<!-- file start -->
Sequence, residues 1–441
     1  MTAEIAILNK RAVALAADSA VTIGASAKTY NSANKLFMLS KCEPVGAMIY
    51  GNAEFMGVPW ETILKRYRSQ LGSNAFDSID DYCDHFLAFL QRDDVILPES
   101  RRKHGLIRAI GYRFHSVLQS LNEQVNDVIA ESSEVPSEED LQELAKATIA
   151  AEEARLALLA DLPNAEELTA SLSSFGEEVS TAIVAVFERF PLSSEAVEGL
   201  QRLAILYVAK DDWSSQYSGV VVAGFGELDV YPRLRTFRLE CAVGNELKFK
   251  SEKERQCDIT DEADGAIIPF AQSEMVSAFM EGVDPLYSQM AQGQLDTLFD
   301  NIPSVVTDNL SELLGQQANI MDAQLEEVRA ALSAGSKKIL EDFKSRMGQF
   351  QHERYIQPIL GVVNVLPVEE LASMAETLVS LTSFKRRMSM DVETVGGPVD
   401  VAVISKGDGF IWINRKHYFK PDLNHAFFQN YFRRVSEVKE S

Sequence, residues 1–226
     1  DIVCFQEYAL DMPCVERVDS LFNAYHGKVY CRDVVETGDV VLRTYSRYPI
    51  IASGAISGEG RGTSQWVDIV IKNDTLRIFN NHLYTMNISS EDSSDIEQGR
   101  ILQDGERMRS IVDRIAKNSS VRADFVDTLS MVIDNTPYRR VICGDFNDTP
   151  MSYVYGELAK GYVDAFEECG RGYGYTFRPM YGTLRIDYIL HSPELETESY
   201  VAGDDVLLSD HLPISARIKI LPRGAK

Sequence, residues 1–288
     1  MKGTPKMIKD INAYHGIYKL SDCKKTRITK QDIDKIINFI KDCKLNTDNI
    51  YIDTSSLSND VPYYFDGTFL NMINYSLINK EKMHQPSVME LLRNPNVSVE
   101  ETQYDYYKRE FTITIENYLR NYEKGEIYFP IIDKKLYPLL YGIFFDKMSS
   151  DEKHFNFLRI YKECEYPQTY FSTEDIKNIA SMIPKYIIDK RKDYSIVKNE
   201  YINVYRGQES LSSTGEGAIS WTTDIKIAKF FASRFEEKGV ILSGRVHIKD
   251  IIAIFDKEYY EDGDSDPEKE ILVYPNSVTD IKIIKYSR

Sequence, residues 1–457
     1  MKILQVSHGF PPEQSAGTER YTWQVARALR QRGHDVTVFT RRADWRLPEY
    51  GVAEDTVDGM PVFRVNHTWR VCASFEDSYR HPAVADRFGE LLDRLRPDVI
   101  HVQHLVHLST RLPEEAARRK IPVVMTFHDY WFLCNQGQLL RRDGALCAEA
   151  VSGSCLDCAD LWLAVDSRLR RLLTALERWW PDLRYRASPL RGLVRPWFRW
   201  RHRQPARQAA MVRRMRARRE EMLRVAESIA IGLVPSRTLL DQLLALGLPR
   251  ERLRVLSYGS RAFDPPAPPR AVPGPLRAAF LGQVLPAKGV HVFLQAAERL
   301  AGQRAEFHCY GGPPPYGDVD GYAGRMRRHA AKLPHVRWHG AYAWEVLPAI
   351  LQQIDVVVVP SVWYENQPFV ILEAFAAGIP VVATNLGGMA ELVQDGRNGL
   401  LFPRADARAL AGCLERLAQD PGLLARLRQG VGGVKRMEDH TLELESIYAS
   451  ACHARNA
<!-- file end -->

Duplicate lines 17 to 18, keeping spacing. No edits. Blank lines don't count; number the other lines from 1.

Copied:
Sequence, residues 1–288
     1  MKGTPKMIKD INAYHGIYKL SDCKKTRITK QDIDKIINFI KDCKLNTDNI